While there is not a current funding source for the provision of Assertive Community Treatment (ACT) in Kentucky, many of our contractors provide some form of modified ACT. The information below is taken from the Assertive Community Treatment Association website (see Related Links). The model described is considered an evidence-based practice by the Department.
Assertive Community Treatment is a team treatment approach designed to provide comprehensive, community-based psychiatric treatment, rehabilitation, and support to persons with serious and persistent mental illness such as schizophrenia. The ACT model of care evolved out of the work of Arnold Marx, M.D., Leonard Stein, and Mary Ann Test, Ph.D., in the late 1960s. ACT has been widely implemented in the United States, Canada and England. The Department of Veterans Affairs has also implemented ACT across the United States.
A team of professionals whose backgrounds and training include social work, rehabilitation, counseling, nursing and psychiatry provide assertive community treatment services. Among the services ACT teams provide are case management, initial and ongoing assessments, psychiatric services, employment and housing assistance, family support and education, substance abuse services, and other services and supports that are critical to an individual's ability to live successfully in the community. ACT services are available 24 hours a day, 365 days a year.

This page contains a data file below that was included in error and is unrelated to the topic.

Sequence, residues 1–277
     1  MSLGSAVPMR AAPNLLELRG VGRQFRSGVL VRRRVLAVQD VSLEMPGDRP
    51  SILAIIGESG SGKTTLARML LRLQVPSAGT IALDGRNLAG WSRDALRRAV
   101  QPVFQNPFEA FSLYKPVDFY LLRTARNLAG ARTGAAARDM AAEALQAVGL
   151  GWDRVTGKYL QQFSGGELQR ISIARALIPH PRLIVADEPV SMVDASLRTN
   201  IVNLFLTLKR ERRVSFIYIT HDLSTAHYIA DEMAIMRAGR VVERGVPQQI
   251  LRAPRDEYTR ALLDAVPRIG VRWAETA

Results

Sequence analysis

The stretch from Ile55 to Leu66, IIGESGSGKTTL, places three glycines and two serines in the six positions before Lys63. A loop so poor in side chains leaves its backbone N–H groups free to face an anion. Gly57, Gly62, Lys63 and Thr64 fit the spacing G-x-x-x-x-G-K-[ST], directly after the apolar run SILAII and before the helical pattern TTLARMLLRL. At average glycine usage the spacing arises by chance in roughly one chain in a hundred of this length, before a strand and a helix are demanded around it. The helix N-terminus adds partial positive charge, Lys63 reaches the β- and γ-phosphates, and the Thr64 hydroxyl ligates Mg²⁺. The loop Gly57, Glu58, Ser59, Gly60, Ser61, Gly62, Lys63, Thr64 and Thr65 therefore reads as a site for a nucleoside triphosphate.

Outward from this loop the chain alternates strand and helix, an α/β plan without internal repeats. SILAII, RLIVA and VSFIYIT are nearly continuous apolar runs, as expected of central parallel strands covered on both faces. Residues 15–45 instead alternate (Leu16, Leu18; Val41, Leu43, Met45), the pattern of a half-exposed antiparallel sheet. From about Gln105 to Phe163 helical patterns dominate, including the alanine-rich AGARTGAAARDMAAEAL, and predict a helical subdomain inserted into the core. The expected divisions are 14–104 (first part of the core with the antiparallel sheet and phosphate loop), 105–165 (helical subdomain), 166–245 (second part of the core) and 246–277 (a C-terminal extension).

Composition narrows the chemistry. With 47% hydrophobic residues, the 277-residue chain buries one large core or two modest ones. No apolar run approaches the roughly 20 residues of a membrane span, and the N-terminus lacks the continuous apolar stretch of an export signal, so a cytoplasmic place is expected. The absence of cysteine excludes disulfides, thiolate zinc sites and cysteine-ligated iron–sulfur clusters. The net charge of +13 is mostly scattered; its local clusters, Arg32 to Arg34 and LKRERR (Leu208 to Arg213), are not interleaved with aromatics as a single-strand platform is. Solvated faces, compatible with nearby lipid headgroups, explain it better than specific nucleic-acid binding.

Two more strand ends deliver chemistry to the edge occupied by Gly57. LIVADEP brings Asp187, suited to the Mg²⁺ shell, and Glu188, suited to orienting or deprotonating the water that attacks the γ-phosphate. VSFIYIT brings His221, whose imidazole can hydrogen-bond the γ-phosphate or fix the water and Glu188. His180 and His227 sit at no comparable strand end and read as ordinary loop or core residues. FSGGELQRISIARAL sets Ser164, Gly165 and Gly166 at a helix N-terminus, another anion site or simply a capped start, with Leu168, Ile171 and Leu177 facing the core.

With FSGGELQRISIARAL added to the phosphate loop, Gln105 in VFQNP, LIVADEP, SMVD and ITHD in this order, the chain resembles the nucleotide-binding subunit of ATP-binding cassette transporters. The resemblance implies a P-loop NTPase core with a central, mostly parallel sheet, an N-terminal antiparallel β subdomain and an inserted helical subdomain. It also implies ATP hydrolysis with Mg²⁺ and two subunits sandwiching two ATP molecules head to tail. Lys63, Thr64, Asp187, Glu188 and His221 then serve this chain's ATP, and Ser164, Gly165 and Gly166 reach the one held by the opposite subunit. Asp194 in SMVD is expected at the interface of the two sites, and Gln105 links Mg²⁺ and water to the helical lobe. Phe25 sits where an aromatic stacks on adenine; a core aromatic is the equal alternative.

ACT has been extensively researched and evaluated and has proven clinical and cost effectiveness. The Schizophrenia Patient Outcomes Research Team has identified ACT as an effective and underutilized treatment modality for persons with serious mental illness.
Persons Served by ACT
Clients served by ACT are individuals with serious and persistent mental illness or personality disorders, with severe functional impairments, who have avoided or not responded well to traditional outpatient mental health care and psychiatric rehabilitation services. Persons served by ACT often have co-existing problems such as homelessness, substance abuse problems, or involvement with the judicial system.